Prospective Study of the Detection of Bacterial Pathogens in Pediatric Clinical Specimens Using the Melting Temperature Mapping Method

Yoji Uejima, Eisuke Suganuma, Takuma Ohnishi, Haruka Takei, Mihoko Furuichi, Satoshi Sato, Yutaka Kawano, Isao Kitajima, Hideki Niimi

Research output: Contribution to journalArticlepeer-review


The melting temperature (Tm) mapping method is a novel technique that uses seven primer sets without sequencing to detect dominant bacteria. This method can identify pathogenic bacteria in adults within 3 h of blood collection without using conventional culture methods. However, no studies have examined whether pathogenic bacteria can be detected in clinical specimens from pediatric patients with bacterial infections. Here, we designed a new primer set for commercial use, constructed a database with more bacterial species, and examined the agreement rate of bacterial species in vitro. Moreover, we investigated whether our system could detect pathogenic bacteria from pediatric patients using the Tm mapping method and compared the detection rates of the Tm mapping and culture methods. A total of 256 pediatric clinical specimens from 156 patients (94 males and 62 females; median age, 2 years [,18 years of age]) were used. The observed concordance rates between the Tm mapping method and the culture method for both positive and negative samples were 76.4% (126/165) in blood samples and 79.1% (72/91) in other clinical specimens. The Tm mapping detection rate was higher than that of culture using both blood and other clinical specimens. In addition, using the Tm mapping method, we identified causative bacteria in pediatric clinical specimens quicker than when using blood cultures. Hence, the Tm mapping method could be a useful adjunct for diagnosing bacterial infections in pediatric patients and may be valuable in antimicrobial stewardship for patients with bacterial infections, especially in culture-negative cases. IMPORTANCE This study provides novel insights regarding the use of the melting temperature (Tm) mapping method to identify the dominant bacteria in samples collected from pediatric patients. We designed a new set of primers for commercial use and developed a database of different bacteria that can be identified using these primers. We show that the Tm mapping method could identify bacteria from blood samples and other clinical specimens. Moreover, we provide evidence that the Tm mapping method has a higher detection rate than that of the culture-based methods and can achieve a relatively high agreement rate. We believe that our study makes a significant contribution to this field because rapid identification of the source of bacterial infections can drastically improve patient outcomes and impede the development of antibiotic-resistant bacteria.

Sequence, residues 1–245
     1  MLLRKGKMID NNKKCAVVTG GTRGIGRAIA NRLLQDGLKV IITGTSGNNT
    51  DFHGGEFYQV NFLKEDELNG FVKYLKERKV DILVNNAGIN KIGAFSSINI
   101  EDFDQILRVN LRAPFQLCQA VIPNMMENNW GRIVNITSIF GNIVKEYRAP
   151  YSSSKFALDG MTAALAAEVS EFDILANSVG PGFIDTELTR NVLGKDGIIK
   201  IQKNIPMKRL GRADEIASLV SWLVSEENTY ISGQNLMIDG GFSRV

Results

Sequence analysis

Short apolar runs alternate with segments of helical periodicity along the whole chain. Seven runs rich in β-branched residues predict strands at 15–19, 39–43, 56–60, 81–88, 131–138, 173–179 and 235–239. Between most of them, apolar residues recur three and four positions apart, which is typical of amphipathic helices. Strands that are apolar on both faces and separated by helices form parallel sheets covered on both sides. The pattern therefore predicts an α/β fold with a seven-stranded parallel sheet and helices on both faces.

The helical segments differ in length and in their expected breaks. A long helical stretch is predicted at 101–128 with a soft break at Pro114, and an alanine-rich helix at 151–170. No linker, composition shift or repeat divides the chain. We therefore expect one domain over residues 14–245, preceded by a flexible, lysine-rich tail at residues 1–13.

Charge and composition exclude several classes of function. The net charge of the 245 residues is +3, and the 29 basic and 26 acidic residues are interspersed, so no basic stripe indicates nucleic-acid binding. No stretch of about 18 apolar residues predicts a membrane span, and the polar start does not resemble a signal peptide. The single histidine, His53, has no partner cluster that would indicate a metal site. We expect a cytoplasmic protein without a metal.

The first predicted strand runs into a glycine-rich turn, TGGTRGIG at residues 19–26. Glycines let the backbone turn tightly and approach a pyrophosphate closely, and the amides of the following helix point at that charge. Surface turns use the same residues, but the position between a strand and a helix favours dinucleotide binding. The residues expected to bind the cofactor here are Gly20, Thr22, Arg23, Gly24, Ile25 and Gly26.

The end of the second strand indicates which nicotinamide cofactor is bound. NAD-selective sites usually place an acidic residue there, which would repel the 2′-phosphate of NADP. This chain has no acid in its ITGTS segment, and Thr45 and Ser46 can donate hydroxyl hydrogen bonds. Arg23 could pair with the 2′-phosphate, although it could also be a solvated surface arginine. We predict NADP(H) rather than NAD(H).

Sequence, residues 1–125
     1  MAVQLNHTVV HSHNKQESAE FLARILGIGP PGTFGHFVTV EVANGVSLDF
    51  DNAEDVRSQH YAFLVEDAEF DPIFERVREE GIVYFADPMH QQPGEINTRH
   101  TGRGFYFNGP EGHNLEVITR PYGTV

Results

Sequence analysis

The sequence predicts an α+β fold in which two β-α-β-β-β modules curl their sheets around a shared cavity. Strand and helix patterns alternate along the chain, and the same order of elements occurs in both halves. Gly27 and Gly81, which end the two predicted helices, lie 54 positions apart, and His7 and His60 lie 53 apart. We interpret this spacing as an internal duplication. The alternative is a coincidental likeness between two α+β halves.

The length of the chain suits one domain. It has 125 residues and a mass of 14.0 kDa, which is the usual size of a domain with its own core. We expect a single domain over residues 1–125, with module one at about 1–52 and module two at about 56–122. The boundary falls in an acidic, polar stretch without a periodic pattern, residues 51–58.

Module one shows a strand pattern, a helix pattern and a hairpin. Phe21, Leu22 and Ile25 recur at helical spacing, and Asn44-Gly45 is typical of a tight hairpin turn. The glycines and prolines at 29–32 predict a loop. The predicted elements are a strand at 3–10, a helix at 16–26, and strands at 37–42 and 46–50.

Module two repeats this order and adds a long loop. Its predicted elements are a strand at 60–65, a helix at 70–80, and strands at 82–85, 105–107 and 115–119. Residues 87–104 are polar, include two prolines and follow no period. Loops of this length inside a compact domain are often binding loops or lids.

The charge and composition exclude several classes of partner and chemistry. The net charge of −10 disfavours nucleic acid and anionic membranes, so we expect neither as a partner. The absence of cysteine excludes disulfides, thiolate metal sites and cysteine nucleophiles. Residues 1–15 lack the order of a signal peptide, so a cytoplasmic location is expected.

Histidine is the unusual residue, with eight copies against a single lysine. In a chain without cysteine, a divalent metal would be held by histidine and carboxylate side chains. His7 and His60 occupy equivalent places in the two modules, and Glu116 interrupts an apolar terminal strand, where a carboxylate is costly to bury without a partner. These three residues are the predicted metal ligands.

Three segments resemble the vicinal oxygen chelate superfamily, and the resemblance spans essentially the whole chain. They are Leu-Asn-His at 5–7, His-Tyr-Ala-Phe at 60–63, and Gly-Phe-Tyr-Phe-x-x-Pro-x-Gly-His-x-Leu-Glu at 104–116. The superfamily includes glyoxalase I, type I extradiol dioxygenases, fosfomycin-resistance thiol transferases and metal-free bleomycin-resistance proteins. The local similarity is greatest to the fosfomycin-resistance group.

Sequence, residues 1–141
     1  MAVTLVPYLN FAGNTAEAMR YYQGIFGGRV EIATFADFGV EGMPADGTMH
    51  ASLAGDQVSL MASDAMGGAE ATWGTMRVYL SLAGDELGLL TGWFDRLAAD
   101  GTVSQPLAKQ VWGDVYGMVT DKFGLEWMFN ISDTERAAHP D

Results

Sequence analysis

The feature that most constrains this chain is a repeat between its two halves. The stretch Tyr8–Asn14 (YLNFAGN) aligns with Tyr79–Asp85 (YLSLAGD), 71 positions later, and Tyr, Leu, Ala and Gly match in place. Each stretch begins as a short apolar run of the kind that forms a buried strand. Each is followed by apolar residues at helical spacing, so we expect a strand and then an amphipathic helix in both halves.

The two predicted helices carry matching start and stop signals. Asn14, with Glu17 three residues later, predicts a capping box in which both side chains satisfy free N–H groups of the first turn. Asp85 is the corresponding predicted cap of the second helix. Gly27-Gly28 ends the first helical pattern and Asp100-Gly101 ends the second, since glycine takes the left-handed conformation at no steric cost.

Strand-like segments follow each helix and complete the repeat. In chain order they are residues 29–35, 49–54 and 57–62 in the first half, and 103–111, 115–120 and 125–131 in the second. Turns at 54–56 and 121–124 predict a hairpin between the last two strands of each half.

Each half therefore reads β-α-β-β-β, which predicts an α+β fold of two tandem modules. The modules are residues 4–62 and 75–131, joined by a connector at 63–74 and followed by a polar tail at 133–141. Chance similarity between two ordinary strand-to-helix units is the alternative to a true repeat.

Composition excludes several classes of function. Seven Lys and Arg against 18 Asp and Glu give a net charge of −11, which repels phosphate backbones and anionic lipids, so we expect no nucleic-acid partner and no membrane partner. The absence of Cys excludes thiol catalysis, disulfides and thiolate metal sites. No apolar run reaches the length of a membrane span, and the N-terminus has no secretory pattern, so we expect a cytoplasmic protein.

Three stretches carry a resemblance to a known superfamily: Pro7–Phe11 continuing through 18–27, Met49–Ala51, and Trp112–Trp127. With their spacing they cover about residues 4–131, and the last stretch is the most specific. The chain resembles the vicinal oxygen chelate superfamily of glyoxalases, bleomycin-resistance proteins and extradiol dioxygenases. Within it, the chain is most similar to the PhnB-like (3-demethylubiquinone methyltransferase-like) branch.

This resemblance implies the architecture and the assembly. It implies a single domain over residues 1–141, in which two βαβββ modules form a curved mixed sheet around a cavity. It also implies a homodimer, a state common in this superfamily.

Original languageEnglish
JournalMicrobiology spectrum
Issue number3
Publication statusPublished - 2022 Jun
Externally publishedYes


  • 16S RNA
  • blood culture
  • bloodstream infections
  • clinical methods
  • pediatric infectious disease
  • rapid tests

ASJC Scopus subject areas

  • Physiology
  • Ecology
  • Immunology and Microbiology(all)
  • Genetics
  • Microbiology (medical)
  • Cell Biology
  • Infectious Diseases


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